Virginia Reeves (US) – Work Like Any Other (Scribner UK): Set in rural Alabama in the 1920s, it tells the story of a pioneering electricity engineer sent to prison for manslaughter after a young man stumbles on one of his illegal power lines.

Elizabeth Strout (US) – My Name Is Lucy Barton (Viking): a striking story about a relationship between mother and daughter. Simply one of the best novels I’ve read so far – see my review here 

David Szalay (Canada-UK) – All That Man Is (Jonathan Cape): I’m not clear whether this is genuinely a novel of a collection of stories about a different stage of “man’s” life.

Madeleine Thien (Canada) – Do Not Say We Have Nothing (Granta Books): relates the story of musicians who suffered during and after China’s Cultural Revolution.

 

Five Days at Memorial by Sheri Fink: A Storm of Ethical Questions

Through the power of 24-hour international news coverage, the world saw the devastation and human tragedy caused when Hurricane Katrina moved ashore over southeast Louisiana and southern Mississippi early on August 29, 2005. It was one of the deadliest hurricanes ever to hit the United States, causing an estimated 1,833 deaths and leaving hundreds of thousands of people homelessHurricane_Katrina.

What the world didn’t know was that at New Orleans’ Memorial Hospital, right in the centre of the maelstrom, life and death decisions were taken that would become the focus of a legal battle. At the heart of the battle lay challenging questions on whether medical practitioners have a duty to protect lives at all costs or whether – in exceptional circumstances – it is acceptable to ease the path of patients to death.

I would have been ignorant of that battle but for an article in The Sunday Times magazine in 2012 (based on Sheri Fink’s award-winning book Five Days at Memorial) which revealed the horrendous conditions at the Medical Centre where thousands of people were trapped for five days without power. Doctors and nurses worked tirelessly in humid, fetid conditions to care for their patients and to get them out as soon as rescue looked possible. But then those very medical staff were arrested and charged with murder when suspicious amounts of morphine were found in the bloodstream of 20 of the 45 patients who died.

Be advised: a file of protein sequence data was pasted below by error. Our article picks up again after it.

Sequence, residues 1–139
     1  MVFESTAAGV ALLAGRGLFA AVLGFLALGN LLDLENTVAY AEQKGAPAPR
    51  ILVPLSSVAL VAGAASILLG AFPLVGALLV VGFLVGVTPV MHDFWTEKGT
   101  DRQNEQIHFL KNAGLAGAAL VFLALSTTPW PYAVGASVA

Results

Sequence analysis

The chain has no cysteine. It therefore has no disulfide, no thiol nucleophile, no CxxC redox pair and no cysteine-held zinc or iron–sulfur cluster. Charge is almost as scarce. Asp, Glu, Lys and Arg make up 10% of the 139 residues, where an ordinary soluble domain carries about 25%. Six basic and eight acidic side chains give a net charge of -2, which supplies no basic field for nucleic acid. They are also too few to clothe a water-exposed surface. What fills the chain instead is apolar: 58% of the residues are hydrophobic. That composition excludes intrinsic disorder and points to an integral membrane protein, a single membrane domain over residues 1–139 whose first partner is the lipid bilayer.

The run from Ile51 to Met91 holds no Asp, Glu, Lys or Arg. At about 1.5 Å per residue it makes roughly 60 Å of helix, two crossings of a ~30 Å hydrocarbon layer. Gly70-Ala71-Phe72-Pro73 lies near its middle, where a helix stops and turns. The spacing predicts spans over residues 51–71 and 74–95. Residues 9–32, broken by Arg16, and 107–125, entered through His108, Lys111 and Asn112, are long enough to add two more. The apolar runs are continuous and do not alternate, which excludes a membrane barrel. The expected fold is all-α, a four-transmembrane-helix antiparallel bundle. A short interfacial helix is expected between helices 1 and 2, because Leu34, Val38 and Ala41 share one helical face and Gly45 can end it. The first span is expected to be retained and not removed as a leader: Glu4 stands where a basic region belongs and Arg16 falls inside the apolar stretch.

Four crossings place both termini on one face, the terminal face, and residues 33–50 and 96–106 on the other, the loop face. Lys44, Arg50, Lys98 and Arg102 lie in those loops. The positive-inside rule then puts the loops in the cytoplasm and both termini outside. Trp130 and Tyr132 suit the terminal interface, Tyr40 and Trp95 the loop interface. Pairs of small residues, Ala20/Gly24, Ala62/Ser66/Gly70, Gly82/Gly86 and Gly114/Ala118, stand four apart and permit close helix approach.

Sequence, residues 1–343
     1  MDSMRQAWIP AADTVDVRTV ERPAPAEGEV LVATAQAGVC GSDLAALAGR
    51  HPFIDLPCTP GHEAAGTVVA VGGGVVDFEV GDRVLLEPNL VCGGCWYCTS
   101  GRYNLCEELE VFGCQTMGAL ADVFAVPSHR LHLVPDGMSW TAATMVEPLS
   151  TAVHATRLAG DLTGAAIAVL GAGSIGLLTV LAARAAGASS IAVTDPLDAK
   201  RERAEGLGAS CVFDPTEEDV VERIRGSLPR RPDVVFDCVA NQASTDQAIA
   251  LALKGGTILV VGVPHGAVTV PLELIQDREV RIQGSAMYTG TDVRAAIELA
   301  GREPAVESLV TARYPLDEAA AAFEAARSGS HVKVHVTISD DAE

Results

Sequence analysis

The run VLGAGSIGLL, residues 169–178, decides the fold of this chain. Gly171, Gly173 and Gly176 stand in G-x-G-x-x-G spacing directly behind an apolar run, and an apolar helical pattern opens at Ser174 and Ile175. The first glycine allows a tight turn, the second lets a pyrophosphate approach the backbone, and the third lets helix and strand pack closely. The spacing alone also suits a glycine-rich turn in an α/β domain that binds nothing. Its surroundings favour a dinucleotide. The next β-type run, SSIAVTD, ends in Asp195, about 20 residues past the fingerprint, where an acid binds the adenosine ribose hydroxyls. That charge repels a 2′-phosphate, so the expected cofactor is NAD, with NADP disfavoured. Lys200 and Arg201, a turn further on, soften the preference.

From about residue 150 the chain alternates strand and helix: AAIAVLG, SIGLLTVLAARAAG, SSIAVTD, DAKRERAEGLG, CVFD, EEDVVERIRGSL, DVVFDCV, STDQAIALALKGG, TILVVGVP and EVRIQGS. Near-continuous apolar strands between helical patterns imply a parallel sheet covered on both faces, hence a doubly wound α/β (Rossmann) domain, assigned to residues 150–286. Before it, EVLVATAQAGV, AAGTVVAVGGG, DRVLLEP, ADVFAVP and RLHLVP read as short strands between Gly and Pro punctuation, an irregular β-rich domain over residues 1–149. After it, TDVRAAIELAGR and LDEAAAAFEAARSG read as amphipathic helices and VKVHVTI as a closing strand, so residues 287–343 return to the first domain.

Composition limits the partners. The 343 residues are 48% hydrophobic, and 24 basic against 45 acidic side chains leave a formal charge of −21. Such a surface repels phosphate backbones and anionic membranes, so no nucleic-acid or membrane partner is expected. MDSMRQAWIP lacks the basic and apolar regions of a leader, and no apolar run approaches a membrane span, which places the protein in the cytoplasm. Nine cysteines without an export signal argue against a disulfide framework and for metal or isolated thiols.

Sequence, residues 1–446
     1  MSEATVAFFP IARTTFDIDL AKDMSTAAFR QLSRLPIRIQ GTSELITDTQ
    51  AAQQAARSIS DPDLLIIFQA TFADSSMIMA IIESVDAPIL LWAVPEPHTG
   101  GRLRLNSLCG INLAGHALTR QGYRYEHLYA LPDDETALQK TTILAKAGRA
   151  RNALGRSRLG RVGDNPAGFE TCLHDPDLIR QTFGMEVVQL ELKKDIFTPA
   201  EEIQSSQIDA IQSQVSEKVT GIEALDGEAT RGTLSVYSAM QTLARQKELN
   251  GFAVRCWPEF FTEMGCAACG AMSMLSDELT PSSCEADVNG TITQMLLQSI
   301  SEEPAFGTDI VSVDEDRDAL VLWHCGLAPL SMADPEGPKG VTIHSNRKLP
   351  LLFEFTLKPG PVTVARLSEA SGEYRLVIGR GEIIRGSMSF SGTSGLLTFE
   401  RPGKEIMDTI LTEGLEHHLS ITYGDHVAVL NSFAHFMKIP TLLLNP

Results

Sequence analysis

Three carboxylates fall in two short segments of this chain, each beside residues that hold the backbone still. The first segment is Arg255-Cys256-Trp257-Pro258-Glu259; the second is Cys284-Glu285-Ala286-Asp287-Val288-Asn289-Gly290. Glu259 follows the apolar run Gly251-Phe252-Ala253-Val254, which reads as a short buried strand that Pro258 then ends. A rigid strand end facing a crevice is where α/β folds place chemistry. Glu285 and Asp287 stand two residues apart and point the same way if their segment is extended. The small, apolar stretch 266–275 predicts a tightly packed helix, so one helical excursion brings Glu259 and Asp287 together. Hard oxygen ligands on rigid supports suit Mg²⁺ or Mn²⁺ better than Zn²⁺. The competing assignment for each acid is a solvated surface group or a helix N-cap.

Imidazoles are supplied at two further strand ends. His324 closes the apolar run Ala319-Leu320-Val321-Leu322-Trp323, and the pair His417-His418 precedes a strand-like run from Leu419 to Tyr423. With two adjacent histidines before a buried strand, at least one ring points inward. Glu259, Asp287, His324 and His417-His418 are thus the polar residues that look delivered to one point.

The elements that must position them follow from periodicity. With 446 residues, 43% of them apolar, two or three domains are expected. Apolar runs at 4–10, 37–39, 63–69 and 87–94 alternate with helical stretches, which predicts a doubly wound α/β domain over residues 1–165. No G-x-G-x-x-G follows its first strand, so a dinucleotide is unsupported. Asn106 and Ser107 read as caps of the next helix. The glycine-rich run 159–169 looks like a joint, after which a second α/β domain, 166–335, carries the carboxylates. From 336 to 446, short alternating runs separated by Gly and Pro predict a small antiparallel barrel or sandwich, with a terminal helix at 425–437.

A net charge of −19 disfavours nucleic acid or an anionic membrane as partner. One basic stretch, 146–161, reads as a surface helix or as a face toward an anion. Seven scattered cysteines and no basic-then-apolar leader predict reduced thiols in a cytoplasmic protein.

Five Days at Memorial grew from a Pulitzer Prize-winning article written by Fink and published in The New York Times Magazine in 2009. She was drawn to the subject because of her experience as a doctor working in areas of conflict and as a journalist reporting on hospitals in war zones. It’s a deeply impressive piece of journalism which draws on more than 2 years of research and interviews with some 500 plus people, from patients to their family members and from hospital staff to legal representatives.

The story she pieces together from emails, phone logs, witness testimonies and floor plans, traces the events from shortly before the hurricane hit land. All her research points to how hopelessly inadequate were the plans of both the hospital, its owners, federal agencies and the city government. Lack of investment in flood water protection and drainage coupled with bad design decisions taken decades earlier meant the hospital quickly lost power for lighting, air conditioning, sewer systems and essential medical equipment. Day after day those trapped in the building waited for rescue by helicopter or boat. Controversially, staff adopted a triage system which saw those with “do not resuscitate” orders placed last in the list for evacuation. What happened on the fifth and final day is clouded with ambiguity. According to prosecutors some medical staff decided to hasten the death of the most critical patients with lethal injections of morphine. Those arrested protested their innocence but for more than two years multiple murder charges were pursued against one doctor and two nurses.